THE revamp of Oldham’s Old Library continues to take shape, with the main scaffolding structure now removed to reveal the stonework and restored roof.
Once complete, the Old Library will house facilities for the community to use; a new Council Chamber; council offices and spaces for public meetings; as well as a new home for Oldham Theatre Workshop.
Careful restoration of the Old Library, in the heart of the town’s cultural quarter, has been ongoing since January 2022 and includes replacing the roof – using the original tiles wherever possible – and cleaning the stone to bring it back to its former glory.
Oldham Council and contractors Tilbury Douglas came together to mark the significant milestone on Tuesday, August 1, the 140th anniversary of when the building officially opened to the public in 1883.
During the event, Council Leader Councillor Arooj Shah and Oldham Council Chief Executive Harry Catherall toured the building and also signed a steel beam within the structure.
Cllr Shah said: “It’s great to see how far the restoration of the Old Library has come, and I look forward to this fantastic heritage building being brought back into use for all the community.
“The Old Library has a special place in the hearts of many Oldhamers, just as it does to me. I have fond memories of coming here with my parents and siblings when I was younger, so it’s exciting to see the historic features being preserved and the building brought back to life for future generations to use and enjoy.
“Moving Council offices and the Council chamber to the Old Library and the Spindles also frees up the Civic Centre for redevelopment by our partner Muse, who are set to create new homes, a park and beautiful new public spaces right in the heart of Oldham.
“The restoration of the Old Library is an important piece in the jigsaw of our all-new town centre; and it’s so exciting to see how the plans are becoming a reality.”
Preserving key historical features has been at the centre of the Old Library’s restoration, including relief sculptures, which are carved structures or writing in the stonework. The east and west walls of the building feature a collection of carved stone heads, including inventor Samuel Crompton, playwright William Shakespeare, poet John Milton, composer George Frideric Handel, painter Raphael and naturalist Charles Darwin.
The Lady Wrigley statue also sits atop of the historic building, proudly holding a wreath in one hand and a book in the other. She was named as a snub to Colonel Thomas Wrigley, who campaigned to stop Oldham building a library and art gallery in the 1880s.
Cllr Shah added: “As we create a town centre fit for the future, it’s also crucial that we preserve Oldham’s proud history.
“That’s why it’s so important that we sympathetically restore buildings such as the Old Library wherever we can, keeping the original features while still transforming it into a space suitable for people to use here and now – right in the heart of our Cultural Quarter.”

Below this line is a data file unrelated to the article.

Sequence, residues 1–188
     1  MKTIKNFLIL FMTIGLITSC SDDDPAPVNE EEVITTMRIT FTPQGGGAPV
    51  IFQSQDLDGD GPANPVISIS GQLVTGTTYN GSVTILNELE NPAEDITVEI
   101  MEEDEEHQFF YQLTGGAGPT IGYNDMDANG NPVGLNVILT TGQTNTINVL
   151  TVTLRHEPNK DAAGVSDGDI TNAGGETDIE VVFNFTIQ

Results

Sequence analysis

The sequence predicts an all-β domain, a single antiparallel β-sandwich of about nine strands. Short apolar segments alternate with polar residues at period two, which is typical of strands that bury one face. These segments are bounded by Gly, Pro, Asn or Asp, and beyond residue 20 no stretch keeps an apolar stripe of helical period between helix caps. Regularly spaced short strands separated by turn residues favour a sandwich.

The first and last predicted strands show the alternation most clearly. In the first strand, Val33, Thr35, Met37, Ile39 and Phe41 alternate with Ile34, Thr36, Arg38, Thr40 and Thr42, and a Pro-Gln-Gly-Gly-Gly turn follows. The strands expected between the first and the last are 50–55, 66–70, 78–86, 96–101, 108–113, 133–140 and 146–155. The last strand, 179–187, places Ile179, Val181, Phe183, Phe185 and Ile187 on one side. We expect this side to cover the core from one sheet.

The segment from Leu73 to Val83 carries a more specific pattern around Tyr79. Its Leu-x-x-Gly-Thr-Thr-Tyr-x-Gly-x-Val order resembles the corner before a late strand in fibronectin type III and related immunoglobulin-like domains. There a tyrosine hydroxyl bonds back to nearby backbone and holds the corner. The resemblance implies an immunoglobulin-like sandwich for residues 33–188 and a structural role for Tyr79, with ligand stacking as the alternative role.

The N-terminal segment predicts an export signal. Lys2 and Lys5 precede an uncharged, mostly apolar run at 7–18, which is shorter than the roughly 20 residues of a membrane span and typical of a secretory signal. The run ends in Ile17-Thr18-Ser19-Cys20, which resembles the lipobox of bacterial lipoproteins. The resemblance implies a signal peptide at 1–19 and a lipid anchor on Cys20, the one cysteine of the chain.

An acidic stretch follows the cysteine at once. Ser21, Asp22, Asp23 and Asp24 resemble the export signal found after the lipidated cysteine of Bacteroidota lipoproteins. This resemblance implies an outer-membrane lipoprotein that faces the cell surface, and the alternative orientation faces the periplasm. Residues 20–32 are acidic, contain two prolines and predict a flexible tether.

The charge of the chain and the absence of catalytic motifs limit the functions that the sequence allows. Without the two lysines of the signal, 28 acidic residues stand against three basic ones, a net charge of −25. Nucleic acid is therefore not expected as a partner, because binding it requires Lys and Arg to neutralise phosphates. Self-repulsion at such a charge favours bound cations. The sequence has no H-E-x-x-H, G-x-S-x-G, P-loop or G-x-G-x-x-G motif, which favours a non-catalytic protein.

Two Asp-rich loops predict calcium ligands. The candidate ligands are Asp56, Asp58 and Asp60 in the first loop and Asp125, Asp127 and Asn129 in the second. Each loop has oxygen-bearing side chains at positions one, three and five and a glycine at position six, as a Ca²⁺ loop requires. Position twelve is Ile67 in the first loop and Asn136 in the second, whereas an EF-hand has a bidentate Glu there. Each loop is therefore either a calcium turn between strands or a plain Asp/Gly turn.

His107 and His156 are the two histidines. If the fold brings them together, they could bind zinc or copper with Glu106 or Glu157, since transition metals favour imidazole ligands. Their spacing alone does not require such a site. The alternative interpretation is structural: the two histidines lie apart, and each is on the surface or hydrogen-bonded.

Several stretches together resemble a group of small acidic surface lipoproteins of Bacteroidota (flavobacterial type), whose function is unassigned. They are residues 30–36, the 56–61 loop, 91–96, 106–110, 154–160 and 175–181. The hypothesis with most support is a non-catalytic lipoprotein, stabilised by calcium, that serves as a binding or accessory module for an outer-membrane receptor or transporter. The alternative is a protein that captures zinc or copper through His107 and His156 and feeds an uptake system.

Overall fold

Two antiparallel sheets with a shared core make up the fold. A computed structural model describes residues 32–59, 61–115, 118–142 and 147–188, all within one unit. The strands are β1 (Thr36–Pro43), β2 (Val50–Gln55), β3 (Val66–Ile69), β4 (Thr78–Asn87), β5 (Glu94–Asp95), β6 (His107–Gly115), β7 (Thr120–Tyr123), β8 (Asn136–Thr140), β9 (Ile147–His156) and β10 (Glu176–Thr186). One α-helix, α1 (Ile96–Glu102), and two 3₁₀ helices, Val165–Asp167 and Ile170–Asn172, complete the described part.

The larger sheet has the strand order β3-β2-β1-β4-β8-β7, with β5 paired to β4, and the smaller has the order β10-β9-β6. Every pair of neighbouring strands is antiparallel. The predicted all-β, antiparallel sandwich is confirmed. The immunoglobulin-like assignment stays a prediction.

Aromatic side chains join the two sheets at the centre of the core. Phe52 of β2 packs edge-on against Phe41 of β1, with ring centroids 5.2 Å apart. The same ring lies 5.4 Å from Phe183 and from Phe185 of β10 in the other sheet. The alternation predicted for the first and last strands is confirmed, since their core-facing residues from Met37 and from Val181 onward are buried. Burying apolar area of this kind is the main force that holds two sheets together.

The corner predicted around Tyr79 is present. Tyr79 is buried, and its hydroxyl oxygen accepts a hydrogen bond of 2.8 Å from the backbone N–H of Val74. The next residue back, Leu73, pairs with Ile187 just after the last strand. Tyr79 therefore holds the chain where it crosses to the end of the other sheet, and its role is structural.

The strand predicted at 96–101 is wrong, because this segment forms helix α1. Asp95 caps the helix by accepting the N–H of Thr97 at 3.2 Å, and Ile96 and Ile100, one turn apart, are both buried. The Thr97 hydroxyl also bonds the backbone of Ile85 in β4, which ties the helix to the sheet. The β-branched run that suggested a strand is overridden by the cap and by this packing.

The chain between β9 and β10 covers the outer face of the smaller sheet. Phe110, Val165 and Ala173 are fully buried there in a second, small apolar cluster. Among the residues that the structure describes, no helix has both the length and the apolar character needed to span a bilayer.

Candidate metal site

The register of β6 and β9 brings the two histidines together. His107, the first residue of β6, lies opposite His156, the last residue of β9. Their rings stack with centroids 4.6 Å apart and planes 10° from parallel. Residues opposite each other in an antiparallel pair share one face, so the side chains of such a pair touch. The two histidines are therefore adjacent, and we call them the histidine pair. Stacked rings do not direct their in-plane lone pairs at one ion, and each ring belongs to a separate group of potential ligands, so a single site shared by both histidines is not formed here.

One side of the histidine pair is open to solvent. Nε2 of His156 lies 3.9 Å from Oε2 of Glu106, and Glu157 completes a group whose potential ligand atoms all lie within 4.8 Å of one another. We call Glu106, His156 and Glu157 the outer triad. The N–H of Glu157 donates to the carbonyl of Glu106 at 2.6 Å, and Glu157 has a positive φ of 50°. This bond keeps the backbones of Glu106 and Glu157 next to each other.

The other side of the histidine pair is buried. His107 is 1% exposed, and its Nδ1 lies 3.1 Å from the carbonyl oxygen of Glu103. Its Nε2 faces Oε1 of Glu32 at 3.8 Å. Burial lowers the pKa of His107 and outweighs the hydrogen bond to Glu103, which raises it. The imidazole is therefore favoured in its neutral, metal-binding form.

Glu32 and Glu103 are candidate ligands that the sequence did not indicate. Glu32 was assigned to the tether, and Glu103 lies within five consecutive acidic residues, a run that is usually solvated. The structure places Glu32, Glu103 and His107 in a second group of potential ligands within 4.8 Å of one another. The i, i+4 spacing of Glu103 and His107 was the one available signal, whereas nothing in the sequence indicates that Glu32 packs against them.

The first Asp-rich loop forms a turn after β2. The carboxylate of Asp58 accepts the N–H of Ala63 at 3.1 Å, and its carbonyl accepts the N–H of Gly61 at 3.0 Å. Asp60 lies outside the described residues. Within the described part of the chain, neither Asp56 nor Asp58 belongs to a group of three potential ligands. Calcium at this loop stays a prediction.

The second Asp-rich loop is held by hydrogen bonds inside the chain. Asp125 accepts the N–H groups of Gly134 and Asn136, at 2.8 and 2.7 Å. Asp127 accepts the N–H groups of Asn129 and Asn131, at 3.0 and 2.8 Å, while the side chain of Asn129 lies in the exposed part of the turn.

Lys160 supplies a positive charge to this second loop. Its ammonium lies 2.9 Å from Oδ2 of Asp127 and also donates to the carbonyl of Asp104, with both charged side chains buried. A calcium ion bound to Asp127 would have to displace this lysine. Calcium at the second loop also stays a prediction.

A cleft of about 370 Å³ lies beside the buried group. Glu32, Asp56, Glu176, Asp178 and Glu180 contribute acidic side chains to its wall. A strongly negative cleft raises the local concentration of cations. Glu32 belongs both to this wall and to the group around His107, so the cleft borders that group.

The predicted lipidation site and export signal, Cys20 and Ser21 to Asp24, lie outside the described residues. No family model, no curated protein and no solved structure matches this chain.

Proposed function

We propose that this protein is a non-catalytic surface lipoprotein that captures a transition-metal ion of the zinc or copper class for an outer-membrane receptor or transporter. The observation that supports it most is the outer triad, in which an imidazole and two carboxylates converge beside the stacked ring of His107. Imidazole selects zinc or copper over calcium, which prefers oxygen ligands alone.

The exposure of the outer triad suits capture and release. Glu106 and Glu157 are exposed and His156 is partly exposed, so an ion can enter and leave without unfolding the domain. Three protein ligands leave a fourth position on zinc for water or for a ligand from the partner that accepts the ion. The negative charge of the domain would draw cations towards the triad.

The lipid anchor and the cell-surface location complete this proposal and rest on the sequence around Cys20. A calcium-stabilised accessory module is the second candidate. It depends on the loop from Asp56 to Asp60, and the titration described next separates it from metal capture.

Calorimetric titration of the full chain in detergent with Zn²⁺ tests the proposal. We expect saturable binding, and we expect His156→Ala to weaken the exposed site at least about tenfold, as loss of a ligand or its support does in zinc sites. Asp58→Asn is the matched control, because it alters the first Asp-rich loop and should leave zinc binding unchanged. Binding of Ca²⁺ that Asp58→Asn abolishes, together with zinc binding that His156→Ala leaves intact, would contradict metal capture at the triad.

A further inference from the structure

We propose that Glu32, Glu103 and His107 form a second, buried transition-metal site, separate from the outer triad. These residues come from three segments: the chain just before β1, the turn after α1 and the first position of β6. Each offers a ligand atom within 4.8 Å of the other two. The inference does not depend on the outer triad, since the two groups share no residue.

The first phase of the restoration of the Old Library is set to be complete next month, while the second phase, involving the internal fit out, will be starting soon.
We spoke to Sharmaine, a Visual Journalist from Oldham, who joined the tour of the building and has been taking images of the progress over the past 18 months.
Sharmaine said: “It’s been amazing watching the building transform and it’s incredible seeing it go from what it was, to what it is now. I feel like it’s going to massively benefit the town and community.”
The Old Library is set out over a number of floors, and as part of its redevelopment, the whole building will be made accessible to all users.
The social value that the project has already achieved for Oldham is estimated to be around £3.6 million – meaning local people have benefitted directly from the project. This includes the creation of new jobs, training and volunteering opportunities for residents and more opportunities for local businesses.
Phil Shaw, Divisional Director at Tilbury Douglas, said: “Being able to transform such a historic site into a cultural hub, which will add so much to the community, has been a real honour for the Tilbury Douglas team.
“Everyone including our supply chain partners has gone above & beyond to maximise every opportunity to give back to the local community.”
The Cultural Quarter, when complete, will include an extended community gallery space and home for Oldham Theatre Workshop at the restored Old Library; the brand-new theatre; Gallery Oldham and Oldham Library, with events including the popular live@thelibrary programme.
This milestone comes after a number of recent announcements and milestones in our ongoing regeneration programme, including the opening of Hilton Square, a new open-air arts and events space, and the ongoing revamp of the Spindles.
To find out more about the work taking place, visit: www.oldham.gov.uk/regen